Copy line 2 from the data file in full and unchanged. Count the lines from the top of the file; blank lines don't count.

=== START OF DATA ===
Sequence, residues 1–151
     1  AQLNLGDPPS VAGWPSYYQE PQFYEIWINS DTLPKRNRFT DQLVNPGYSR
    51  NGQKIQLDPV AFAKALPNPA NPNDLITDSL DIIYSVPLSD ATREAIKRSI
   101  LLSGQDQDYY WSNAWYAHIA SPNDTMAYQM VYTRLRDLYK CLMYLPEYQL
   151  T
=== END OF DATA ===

     1  AQLNLGDPPS VAGWPSYYQE PQFYEIWINS DTLPKRNRFT DQLVNPGYSR